All this picture nostalgia reminds me of the New York Times which screams at us “All The News That’s Fit To Print.” Recently they published an enormous photo montage of dead Gazan children. It was horrifying. I am a lifelong reader of that paper, even though it slants the news according to its own priorities, sometimes ignoring fairness, accuracy and the most basic facts. For me it’s the old story of I can’t live with it or without it. I have, in the past 65 years or so, repeatedly canceled and then resumed delivery. We are bound to each other even though I can’t stand its leaky ink which “shmears” up my house, and I resent its high price. Even more, it infuriates me when they, self-hating Jews staunchly amongst their editorial and reporting staff, do what they did very very recently.

The Times has long had a well-earned reputation for being unsympathetic to Jewish travails, even when they are of such major proportions as the Holocaust. Historians and longtime readers acknowledge that the murder of over six million Jews hardly ever warranted more coverage than middle pages in the paper. How could it be? No one of us can honestly explain, or certainly justify, such abhorrent behavior. The Times is known as a liberal instrument and finds space to excoriate dictators and be sympathetic to their victims. Jewish victims often seem to be the exception to that practice.

Thus, in the recent Hamas-Israel war, which was fomented clearly and objectively by a huge volume of unprovoked rockets being dropped by Hamas on Israeli cities and towns, and everywhere that Israelis and, yes, Palestinians live. The New York Times seemingly sided with the perpetrators, Hamas, a known terrorist organization which plants their fighters behind children and other civilians, by decrying Israel’s retaliation which resulted in the deaths of innocent children. These children were framed on its front pages, with their tragic stories attached. Sad. Yes. Tragic. Yes. Israel’s fault. No. Of course not!

As a mother, grandmother, great grandmother it is painful to me to contemplate the loss of children to war. And when they are planted in sensitive places so that they can become victims, that is murder. It was a horrible and evil propaganda move that killed these children. It was squarely the work of Hamas. Israel fine-tuned its responses as much as was humanly and humanely possible. What in the world did the New York Times expect of our Jewish chayalim, our soldiers, that they not respond and defend their country. Could America have been victorious in any war if they did not retaliate to enemy aggression? Clearly not. Shall we even remember Hiroshima? Nagasaki? How many dead children did America kill to win the war? Israel’s retaliation pales in comparison.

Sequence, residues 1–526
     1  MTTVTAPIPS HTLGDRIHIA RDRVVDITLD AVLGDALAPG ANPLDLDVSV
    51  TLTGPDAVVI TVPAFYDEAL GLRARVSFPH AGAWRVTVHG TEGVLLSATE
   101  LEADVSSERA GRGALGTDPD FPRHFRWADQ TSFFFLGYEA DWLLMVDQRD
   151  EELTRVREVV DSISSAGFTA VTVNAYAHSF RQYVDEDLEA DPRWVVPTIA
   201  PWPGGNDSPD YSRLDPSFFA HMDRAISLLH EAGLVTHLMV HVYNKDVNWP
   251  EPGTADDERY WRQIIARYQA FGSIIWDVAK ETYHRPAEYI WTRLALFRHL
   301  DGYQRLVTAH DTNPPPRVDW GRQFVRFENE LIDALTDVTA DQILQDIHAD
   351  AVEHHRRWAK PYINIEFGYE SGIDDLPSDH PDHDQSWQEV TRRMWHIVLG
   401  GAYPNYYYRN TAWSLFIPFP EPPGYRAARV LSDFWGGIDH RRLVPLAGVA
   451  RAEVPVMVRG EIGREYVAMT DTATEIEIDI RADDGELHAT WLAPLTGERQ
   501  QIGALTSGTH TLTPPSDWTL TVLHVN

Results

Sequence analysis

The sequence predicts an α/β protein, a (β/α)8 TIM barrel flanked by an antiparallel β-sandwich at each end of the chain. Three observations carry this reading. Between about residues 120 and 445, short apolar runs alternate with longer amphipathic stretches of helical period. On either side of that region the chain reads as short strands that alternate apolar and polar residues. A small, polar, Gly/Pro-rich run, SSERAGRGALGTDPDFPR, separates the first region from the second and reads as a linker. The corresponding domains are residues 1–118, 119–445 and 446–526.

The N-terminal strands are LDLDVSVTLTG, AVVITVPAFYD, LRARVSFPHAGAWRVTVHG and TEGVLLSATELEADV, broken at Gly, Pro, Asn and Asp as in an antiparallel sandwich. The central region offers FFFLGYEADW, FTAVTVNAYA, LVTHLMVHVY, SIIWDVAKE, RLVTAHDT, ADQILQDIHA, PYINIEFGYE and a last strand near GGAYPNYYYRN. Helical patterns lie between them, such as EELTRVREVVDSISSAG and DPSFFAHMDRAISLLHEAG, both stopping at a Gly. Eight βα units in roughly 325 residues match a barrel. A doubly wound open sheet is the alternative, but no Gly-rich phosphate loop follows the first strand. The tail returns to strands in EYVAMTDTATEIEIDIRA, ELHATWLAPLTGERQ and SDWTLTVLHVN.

I have no solution to the disgraceful behavior of powerful self-hating Jews. I condemn it mightily. Throughout modern history there have been all too many childhood victims of war, none of whom have merited almost the entire front page of the Times.The tragic loss of their young lives should never be a moment in time that is cheapened and devalued as propaganda. This is clearly an abuse of the paper’s journalistic integrity. Shame shame on the New York Times.

When we peruse our old pictures here’s a wish that they reflect treasured days of our lives, and may there be many such times.

About the Author
Rosanne Skopp is a wife, mother of four, grandmother of fourteen, and great-grandmother of three. She is a graduate of Rutgers University and travels back and forth between homes in New Jersey and Israel. She is currently writing a family history.